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Posted by on Oct 20, 2016

Is Fear of Protests Guiding Your Behavior?

Is Fear of Protests Guiding Your Behavior?

Hand holding a sign that says "protest"We often hear students and agencies wanting to know how to avoid protests. I think we first need to establish that companies competing for government business have a right to protest when they feel the source selection was improperly conducted. We believe properly conducted debriefings that communicate why the losing offeror was not selected significantly help to prevent protests that offerors feel are the only way to obtain a fair explanation. Other explanations for protests have been argued but the fact remains that transparency in the debriefing can effectively dissuade protests. Of course, failure to document the rationale for your decisions will not help.

Bob Antonio, owner of the website Where in Federal Contracting? (aka Wifcon), has posted a blog that summarizes the results of GAO-sustained protests over the period FY2013 through FY2015. As Antonio reports, many protests are dealt with at the contracting officer level and do not reach the GAO level. Further, the GAO statistics do not address protests that go directly to the Court of Federal Claims. Antonio points out that the top reasons why protests are sustained have not varied much over the FY2013 through FY2015 period:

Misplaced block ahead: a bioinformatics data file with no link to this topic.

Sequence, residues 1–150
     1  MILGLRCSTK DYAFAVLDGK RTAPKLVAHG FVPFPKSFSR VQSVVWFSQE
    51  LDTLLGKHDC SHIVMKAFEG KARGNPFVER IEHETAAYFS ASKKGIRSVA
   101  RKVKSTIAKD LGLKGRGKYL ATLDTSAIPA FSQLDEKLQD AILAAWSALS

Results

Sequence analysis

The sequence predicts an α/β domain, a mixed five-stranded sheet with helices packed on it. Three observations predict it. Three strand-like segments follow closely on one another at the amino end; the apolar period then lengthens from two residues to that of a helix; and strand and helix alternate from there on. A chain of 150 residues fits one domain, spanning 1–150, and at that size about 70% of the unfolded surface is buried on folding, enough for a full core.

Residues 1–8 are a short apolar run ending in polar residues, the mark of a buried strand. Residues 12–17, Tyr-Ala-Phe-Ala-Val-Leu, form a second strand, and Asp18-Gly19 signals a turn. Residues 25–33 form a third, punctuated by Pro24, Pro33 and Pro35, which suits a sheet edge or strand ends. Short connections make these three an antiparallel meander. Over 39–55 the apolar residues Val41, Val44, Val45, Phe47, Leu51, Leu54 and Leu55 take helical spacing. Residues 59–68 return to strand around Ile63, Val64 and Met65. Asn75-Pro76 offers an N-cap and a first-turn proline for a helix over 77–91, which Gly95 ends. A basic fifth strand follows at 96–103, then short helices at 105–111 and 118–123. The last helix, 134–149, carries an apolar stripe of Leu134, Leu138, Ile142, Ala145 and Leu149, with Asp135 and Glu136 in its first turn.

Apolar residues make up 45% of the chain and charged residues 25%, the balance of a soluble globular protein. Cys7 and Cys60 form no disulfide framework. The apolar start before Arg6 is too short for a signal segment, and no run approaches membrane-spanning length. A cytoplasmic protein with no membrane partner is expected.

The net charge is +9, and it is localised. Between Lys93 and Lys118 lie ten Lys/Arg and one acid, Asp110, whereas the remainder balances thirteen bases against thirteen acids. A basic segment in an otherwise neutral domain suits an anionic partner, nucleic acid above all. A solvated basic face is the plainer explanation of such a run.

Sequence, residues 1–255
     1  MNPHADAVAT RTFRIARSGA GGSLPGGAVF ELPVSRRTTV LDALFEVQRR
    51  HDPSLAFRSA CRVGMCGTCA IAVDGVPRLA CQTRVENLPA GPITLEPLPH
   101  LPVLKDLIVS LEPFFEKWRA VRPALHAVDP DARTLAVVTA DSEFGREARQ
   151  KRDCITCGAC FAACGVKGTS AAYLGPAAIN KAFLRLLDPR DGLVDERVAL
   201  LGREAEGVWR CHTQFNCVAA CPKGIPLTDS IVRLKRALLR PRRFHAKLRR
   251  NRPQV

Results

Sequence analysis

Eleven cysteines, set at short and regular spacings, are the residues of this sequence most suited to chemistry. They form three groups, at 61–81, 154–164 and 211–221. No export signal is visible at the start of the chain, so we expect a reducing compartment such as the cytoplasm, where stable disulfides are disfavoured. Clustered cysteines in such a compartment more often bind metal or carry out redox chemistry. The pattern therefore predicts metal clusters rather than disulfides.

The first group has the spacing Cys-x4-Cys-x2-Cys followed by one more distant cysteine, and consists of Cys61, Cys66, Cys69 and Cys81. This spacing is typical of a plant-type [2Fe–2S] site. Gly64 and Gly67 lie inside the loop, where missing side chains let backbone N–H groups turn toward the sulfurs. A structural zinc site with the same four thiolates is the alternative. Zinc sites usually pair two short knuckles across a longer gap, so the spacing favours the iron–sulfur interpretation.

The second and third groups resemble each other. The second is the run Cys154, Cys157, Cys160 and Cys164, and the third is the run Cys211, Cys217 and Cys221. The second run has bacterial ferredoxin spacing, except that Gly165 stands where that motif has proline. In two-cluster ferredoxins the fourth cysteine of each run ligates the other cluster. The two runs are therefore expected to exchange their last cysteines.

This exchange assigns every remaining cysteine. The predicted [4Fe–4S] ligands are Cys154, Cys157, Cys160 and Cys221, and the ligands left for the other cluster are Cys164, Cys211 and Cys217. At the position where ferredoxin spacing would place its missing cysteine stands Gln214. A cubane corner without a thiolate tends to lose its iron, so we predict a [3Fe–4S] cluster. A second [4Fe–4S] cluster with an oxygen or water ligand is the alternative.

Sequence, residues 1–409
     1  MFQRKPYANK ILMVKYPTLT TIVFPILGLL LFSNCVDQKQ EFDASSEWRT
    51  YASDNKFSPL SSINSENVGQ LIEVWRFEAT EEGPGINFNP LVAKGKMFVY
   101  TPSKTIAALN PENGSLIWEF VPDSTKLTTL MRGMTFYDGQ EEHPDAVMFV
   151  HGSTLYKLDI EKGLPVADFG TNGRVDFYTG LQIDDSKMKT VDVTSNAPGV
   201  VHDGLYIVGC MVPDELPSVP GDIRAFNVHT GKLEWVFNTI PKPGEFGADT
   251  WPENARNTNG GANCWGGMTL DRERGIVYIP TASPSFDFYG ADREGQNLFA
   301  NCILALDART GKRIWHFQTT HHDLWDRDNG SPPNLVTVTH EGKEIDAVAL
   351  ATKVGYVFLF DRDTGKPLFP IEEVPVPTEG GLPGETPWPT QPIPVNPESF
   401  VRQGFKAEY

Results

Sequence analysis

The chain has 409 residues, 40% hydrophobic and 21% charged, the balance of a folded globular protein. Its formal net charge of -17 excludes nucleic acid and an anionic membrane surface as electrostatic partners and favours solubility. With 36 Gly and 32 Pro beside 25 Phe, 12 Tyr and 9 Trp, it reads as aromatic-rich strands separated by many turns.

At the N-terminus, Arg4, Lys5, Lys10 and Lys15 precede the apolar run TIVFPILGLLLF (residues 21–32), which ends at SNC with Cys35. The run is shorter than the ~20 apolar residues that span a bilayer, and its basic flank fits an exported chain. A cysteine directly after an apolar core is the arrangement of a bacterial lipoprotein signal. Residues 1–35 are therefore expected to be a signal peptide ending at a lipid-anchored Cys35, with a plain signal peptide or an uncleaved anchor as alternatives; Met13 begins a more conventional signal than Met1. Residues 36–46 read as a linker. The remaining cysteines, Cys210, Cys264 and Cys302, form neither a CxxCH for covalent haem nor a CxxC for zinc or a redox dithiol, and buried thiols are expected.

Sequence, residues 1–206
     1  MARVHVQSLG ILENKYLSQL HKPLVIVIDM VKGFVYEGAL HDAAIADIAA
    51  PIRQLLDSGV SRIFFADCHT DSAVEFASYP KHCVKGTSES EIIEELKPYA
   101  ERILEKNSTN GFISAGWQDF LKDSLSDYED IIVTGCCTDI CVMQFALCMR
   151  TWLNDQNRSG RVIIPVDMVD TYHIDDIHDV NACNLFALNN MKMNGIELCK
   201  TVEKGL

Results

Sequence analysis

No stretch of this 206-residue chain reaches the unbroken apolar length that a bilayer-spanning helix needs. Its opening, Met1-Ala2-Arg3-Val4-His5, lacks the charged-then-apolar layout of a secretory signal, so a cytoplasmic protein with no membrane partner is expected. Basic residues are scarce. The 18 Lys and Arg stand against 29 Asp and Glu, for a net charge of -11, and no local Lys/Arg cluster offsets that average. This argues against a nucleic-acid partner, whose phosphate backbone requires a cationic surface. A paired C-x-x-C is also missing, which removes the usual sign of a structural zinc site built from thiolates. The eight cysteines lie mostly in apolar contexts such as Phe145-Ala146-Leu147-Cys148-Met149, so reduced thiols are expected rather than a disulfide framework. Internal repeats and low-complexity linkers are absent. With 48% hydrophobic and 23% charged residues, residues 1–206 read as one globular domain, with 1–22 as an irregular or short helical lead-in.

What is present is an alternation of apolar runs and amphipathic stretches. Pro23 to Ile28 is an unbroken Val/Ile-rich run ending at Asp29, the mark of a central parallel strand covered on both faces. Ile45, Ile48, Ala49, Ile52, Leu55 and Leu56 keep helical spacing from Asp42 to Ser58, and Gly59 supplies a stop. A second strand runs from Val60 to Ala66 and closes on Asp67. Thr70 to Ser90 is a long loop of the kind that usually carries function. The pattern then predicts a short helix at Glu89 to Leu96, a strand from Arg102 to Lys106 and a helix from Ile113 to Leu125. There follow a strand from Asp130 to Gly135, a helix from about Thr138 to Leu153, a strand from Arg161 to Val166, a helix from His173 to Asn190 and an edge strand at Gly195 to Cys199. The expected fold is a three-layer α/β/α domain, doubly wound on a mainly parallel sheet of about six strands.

1. Failure to follow the evaluation criteria
  2. Unreasonable cost or price evaluation
  3. Inadequate documentation of the record
  4. Unequal treatment of offerors
  5. Unreasonable technical evaluation
  6. Unreasonable past performance evaluation
  7. Flawed selection decision

This information should be instructive as to what contracting officers can do to have the best chance of staving off protests and subsequently defeating any protests that are lodged. LPTA (lowest price, technically acceptable) seems to be used as a means of avoiding protests. The best way is to choose the source selection method that is best for the acquisition, do what you communicated in the solicitation, document your decisions, and provide meaningful debriefings.

While there is no way to protest-proof your acquisition–it is a right competitors have and it helps maintain a fair source selection process–you can help reduce the number of protests by avoiding the pitfalls others have suffered. Transparency in debriefings goes a long way to satisfy companies’ need to understand why they lost. Documenting your decisions is important for reasons greater than the mere act itself—it makes you consider if your rationale for the decision is supported and can be explained.

We’ll update this information when GAO releases the FY2016 data. Sustainment rates have declined over the period from 17% to 12%, so we hope to see continued reduction in the number of protests that are sustained.

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